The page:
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It’s Claudia!

Posted on May 12, 2014

claudia credit bbc lorenzo agius

claudia-credit-bbc-lorenzo-agiusClaudia Winkleman is to become a permanent host on the BBC One show Strictly Come Dancing, replacing Bruce Forsyth. Claudia will team up with the show’s other regular presenter, Tess Daly.

Since Bruce Forsyth announced that he was stepping down from Strictly last month, there has been widespread speculation about his replacement. Claudia Winkleman has stepped in for him on several occasions, and already co-hosts the programme’s Sunday night results show.

Tess will take Bruce’s former role, introducing the acts and taking the judges’ votes, while Claudia will chat to the celebrities and dancers after their performances.

Claudia said: “I have loved Strictly since the second it appeared on our screens and I am honoured and thrilled now to be part of the Saturday night team. Working alongside Tess is always fantastic and I can’t wait to spend the weekends with her, our amazing dancers and the greatest judging panel on the planet. Sir Bruce is a living legend and we’ll all miss him very much.”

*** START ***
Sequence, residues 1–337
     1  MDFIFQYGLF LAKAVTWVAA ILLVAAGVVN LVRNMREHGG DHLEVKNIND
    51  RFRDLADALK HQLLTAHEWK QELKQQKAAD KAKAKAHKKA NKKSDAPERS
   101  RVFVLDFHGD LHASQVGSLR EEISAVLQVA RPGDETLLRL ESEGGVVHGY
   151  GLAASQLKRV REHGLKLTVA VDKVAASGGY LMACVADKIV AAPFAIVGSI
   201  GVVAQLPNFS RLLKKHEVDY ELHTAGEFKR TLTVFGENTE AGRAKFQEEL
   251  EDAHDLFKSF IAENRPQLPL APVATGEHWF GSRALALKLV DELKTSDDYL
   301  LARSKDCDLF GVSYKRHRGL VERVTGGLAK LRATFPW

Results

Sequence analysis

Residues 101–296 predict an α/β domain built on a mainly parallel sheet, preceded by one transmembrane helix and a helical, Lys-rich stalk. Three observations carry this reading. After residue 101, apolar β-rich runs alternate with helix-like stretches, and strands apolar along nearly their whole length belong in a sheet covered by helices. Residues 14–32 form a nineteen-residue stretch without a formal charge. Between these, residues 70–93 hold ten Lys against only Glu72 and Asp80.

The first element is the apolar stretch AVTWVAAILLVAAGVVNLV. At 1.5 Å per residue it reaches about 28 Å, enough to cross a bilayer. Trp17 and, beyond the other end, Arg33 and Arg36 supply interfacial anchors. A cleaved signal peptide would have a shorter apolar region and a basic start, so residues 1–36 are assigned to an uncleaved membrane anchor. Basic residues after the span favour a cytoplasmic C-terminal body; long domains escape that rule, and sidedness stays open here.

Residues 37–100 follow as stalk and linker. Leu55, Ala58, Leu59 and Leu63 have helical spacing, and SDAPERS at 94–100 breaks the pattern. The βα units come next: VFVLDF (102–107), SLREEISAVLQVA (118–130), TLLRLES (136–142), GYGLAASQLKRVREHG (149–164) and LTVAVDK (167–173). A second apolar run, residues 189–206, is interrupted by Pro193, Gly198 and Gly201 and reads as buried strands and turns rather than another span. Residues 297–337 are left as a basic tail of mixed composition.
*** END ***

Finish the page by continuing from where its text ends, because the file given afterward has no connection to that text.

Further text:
The pair have already proved popular with audiences – and with Dance Today readers, many of whom nominated Claudia as Bruce’s replacement! – but it’s still unusual for two women to front a major primetime show: they will be the first all-female presenting team on Saturday night television. “The new Strictly line-up is a clear demonstration of the BBC’s determination to feature more women, particularly in its primetime output,” said Lizo Mzimba, the BBC’s entertainment correspondent.

Tess said: “I’m so pleased that I’ll be working with Claudia – she’s long been part of the Strictly family and I’ve loved doing the Sunday show with her. It’s really exciting having two women host the show, and we are great mates so there’ll be lots of fun to be had on and off the dancefloor.” 


Look out for Marianka Swain’s forthcoming article on the new presenting team!


Picture: Claudia Winkleman. Photograph: Lorenzo Agius/BBC



Zoë was born in Edinburgh, and saw her first dance performances at the Festival there. She is the dance critic of The Independent, and has also written for The Independent on Sunday, The Scotsman and Dancing Times. In 2002, she received her doctorate from the University of York for a thesis on “Nationhood and epic romance: Ariosto, Sidney, Spenser”. She is the author of The Royal Ballet: 75 Years and The Ballet Lover’s Companion.

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